Is it just me, or has 2014 been sort of a dud year for EDM albums so far? Keep in mind, DAD has a number of albums that we rock with that have come out this year, but compared to 2013, it feels like the albums that have dropped aren’t really hitting. Case in point, Billboard is reporting that Nielsen SoundScan has released their 2014 mid-year figures for album sales, and the tale being told from the electronic dance music side is interesting. At this point in 2013, Daft Punk was heads over everyone, selling over 614K copies of Random Access Memories by the middle of 2013. IN 2014, it retains that position as one of the seven albums that has sold over 100K copies with 131,000 units sold. Lady Gaga’s ARTPOP holds the #2 position, and is one of five albums on the list that dropped in 2013 alongside Avicii’s True, Zedd’s Clarity, and Disclosure’s Settle (KC & The Sunshine Band’s Flashback With KC & the Sunshine Band is on the list, and dropped in 2012). On the bright side, it looks like only two electronic albums were over the 100K threshold at this time in 2013.
On the digital songs front, 2014 has faired a bit better, with DJ Snake’s “Turn Down For What” going double platinum and The Chainsmokers’ “#Selfie” going gold with 865,000 units sold. That list is still rife with old(er) songs, including Disclosure’s “Latch,” Avicii’s “Hey Brother,” and Daft Punk’s “Get Lucky.” Unfortunately, in 2013 there were eight songs that had one million units sold at this time.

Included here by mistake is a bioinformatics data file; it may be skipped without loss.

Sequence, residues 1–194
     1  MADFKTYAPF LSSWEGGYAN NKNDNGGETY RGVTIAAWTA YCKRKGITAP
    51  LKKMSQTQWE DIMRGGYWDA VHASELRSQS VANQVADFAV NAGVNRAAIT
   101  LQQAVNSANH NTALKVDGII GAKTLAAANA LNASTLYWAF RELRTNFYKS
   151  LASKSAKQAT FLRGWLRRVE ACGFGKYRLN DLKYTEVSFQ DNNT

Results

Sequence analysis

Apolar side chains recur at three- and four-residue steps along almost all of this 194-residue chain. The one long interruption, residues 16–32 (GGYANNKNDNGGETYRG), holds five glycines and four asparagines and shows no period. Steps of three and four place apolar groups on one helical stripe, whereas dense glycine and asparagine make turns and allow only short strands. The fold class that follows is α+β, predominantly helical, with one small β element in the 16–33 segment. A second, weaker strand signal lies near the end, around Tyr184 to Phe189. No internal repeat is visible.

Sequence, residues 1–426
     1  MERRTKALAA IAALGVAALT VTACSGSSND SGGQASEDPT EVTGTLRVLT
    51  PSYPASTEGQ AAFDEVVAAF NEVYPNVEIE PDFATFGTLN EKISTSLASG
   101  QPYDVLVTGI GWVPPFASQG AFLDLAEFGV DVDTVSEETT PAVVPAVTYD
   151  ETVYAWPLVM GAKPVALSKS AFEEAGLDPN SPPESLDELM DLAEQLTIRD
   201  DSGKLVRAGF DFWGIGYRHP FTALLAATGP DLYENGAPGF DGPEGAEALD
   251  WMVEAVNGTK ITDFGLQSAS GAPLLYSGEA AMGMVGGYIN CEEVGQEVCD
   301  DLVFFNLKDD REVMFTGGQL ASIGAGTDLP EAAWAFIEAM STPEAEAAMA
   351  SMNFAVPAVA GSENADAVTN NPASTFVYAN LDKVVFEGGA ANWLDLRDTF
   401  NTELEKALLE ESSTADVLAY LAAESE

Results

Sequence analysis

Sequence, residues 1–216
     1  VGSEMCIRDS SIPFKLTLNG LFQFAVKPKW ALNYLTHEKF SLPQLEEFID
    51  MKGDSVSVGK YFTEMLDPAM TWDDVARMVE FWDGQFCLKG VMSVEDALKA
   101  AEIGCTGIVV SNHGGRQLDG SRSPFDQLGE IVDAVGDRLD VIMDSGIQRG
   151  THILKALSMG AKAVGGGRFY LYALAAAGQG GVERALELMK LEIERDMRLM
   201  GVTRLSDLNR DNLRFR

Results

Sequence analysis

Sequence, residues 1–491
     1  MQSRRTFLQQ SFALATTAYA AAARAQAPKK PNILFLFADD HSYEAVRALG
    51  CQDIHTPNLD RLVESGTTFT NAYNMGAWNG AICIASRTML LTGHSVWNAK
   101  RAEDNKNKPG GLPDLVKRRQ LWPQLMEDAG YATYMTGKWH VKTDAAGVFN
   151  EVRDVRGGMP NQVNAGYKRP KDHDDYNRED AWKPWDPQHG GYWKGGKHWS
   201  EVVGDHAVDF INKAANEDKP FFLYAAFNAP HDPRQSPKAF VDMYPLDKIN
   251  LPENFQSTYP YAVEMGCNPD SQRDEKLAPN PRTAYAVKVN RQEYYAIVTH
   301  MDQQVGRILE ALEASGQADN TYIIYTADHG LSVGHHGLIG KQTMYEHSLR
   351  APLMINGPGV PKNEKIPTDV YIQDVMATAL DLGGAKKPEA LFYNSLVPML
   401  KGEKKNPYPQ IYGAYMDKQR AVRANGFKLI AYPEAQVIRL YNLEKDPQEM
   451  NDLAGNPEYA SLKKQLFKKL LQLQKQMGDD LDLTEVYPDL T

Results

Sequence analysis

What exactly does this mean? Well, for starters, name alone doesn’t work; both Tiesto and Afrojack released albums on major labels, and neither seem to have made much lasting noise on either the albums or singles charts. It’s almost as if trying to make EDM pop isn’t the move; making dope music should be the priority, and if it has that sensibility (or attaches itself to immediately-viral ideas), it should break through. Or maybe 2013 was just exceptionally dope. Whatever the case may be, there are some exciting projects still on the horizon, including debuts from Dillon Francis and Porter Robinson, so we’ll see how these charts look at the end of the year.